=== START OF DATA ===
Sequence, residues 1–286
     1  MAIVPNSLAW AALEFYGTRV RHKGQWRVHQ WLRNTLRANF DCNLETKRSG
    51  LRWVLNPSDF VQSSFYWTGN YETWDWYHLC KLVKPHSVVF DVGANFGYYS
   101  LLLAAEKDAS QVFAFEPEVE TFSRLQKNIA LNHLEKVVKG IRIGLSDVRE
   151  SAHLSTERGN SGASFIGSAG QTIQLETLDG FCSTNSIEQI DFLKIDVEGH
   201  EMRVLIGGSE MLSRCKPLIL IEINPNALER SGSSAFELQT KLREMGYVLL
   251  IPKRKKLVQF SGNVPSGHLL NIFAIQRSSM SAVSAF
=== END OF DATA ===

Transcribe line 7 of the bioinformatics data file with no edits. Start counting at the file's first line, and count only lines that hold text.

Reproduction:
   251  IPKRKKLVQF SGNVPSGHLL NIFAIQRSSM SAVSAF